In 2000, Robert Dale and I published the book Building Natural Language Generation Systems. Much to my surprise, people still use our book even though it is 22 years old. Anyways, I am sometimes asked to write a new book on NLG. In the past I have always declined, but now I am thinking seriously of doing this. If readers of my blog have any suggestions or comments, I’d love to hear them!
The book will focus on concepts and principles, not on how to use specific software libraries or packages. When I look back at our 2000 book, the material on specific software packages became out of date within a few years, whereas some of the conceptual material is still relevant decades lates, so I definitely want to focus on the latter in a new book. I also want to take a broad perspective and talk about evaluation, engineering issues, use cases, etc as well as technology.
My plan is to have three sections: Foundations, Challenges, and Use Cases (probably with catchier names). Below I describe some initial thoughts on these.
This section will introduce different types of NLG and look at technologies. My 2000 book focused on data-to-text, but in a new book I’d like to also discuss text summarisation and dialogue (from NLG perspective), and perhaps other types of NLG as well
Possible chapters include
- Introduction: Introduction to NLG, basic concepts, example systems, history, resources.
- Types of NLG: Data-to-text, text summarisation, dialogue (more?). For each type of NLG, present common use cases, give examples, explain concepts (such as extractive vs abstractive summarisation), discuss state-of-art and challenges (at time of writing).
- Rule-based approaches: Data-to-text pipeline: articulate analytics, document planning, microplanning, surface realisation. Templates and scripting. Advantages and disadvantages.
- Neural technologies: neural language models, fine-tuning pretrained models, prompting approaches, training datasets. Advantages and disadvantages. There will be a strong focus on data issues, since I believe this is more important than model details, and also material on model specifics will become out-of-date very quckly.
This section will discuss generic challenges in NLG, which apply to most NLG systems regardless of type and technology. Much of this material will be familar to readers of my blog!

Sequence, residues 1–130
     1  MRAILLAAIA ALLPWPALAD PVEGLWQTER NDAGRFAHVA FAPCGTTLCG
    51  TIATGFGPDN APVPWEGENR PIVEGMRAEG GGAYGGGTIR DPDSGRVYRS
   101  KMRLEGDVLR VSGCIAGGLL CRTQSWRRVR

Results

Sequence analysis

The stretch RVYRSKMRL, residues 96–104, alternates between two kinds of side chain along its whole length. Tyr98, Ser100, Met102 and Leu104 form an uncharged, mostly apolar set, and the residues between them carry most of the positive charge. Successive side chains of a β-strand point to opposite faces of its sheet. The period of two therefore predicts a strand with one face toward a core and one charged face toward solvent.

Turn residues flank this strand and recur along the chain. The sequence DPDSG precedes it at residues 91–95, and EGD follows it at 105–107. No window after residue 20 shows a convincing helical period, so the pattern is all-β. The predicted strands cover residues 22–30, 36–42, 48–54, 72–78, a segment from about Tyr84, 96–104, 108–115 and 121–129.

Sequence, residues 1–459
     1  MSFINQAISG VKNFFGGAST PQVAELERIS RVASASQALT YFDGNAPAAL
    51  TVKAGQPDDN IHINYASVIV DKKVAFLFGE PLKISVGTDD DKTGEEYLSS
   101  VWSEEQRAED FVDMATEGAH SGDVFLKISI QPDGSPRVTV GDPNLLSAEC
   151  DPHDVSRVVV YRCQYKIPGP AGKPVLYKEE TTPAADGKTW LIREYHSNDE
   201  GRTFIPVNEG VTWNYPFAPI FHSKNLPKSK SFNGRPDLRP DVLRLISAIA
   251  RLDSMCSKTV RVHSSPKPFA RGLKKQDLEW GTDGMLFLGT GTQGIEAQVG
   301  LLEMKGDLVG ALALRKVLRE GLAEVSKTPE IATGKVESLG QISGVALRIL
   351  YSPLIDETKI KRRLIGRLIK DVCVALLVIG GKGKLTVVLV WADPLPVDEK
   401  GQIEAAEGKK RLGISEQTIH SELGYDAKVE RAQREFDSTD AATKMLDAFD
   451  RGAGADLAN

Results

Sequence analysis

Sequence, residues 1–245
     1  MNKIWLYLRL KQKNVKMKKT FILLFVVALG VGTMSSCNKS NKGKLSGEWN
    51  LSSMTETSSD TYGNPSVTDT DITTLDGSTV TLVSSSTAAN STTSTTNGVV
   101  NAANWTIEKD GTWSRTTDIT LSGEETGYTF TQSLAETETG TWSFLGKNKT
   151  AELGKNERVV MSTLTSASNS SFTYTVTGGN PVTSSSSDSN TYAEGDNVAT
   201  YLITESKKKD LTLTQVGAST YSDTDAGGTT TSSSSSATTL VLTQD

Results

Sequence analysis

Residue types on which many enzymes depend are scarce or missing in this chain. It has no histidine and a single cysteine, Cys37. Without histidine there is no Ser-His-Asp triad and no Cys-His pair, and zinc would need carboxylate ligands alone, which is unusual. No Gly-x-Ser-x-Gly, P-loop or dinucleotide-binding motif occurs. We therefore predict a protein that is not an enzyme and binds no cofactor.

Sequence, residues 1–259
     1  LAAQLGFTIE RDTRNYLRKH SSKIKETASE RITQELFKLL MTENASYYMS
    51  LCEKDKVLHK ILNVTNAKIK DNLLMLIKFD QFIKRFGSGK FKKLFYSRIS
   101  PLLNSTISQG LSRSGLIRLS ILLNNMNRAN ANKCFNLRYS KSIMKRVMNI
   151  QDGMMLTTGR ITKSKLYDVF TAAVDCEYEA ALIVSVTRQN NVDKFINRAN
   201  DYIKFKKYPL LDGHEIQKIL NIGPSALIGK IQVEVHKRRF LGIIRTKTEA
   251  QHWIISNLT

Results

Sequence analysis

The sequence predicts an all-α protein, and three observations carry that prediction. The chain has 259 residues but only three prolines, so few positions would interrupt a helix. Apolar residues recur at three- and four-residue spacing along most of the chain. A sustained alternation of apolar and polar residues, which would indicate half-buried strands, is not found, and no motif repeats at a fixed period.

Possible chapters include
- Evaluation: Human and automatic evaluation of NLG systems. Focus is on fundamentals; eg when talking about metrics I will discuss general issues such as validation, with less focus on specific metrics (since this material would date quickly).
- Requirements: What do users want NLG systems to do? This will include methodology (techniques for understanding requirements) as well as specific issues such as text-vs-graphics, human-in-loop workflows, and average vs worst-case performance.
- Engineering: Practical issues in building NLG systems, including architecture, deaking with data quality issues, testing and quality assurance techniques, software maintenance of NLG, libraries and resources.
- Safety and ethics: Ensuring/guaranteeing that NLG texts are never harmful, bias in generated texts, lying/deceiving users, and other ethical issues.
In this section, I want to explore specific use cases in detail, looking at which types of NLG are used, how they are used, how they adds value, and how stakeholders react to NLG systems.
Use cases could include
- Automatic journalism. We are seeing an increasing number of articles which are written initially by NLG systems (usually these are post-edited by a human before they are released). The chapter will give examples, discuss contexts where NLG is useful (local news?), and also look at how journalists and readers react to NLG. Plus of course ethical issues.
- Business intelligence. This is the biggest use of data-to-text, and chapter will explain BI and how NLG is used within it (and where it adds value), give examples, and look at how users react to NLG. The chapter will look at using text summarisation and chatbots in BI as well as data-to-text.
- Healthcare. Healthcare of course is a huge area, but it an application area that I am passionate about, so I’d like to discuss it in the book! The chapter will look at different use cases and example NLG systems, and then discuss where NLG adds value, how doctors and patients react to it, safety concerns, and problems getting accurate data.
Writing a book is a big project, so I’d love to get comments from readers about what they think of the above, and indeed what kind of book would be useful to them. With the proviso that the focus needs to be on concepts, not advice on how to use model X or library Y.
6 thoughts on “New book on NLG?”
I can’t wait to read it (though it’s not written yet).
Would love to see more emphasis on user tailoring throughout, which seems to have been largely forgotten in recent years (except perhaps in simplification to some degree). How should NLG systems be tailored to their users (eg different kinds of patients in healthcare) and their preferences (eg what to recommend)? To what extent should the user’s personality come into play?
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Great suggestion, thanks!
Great idea, will be an excellent synthesis of where we stand after 2 decades plus outlook. I wonder if the human-in-loop part might deserve more amplitude (human-machine-interaction) both from a design and ethics perspective.
Many thanks for the suggestion, I agree human-inloop is very important!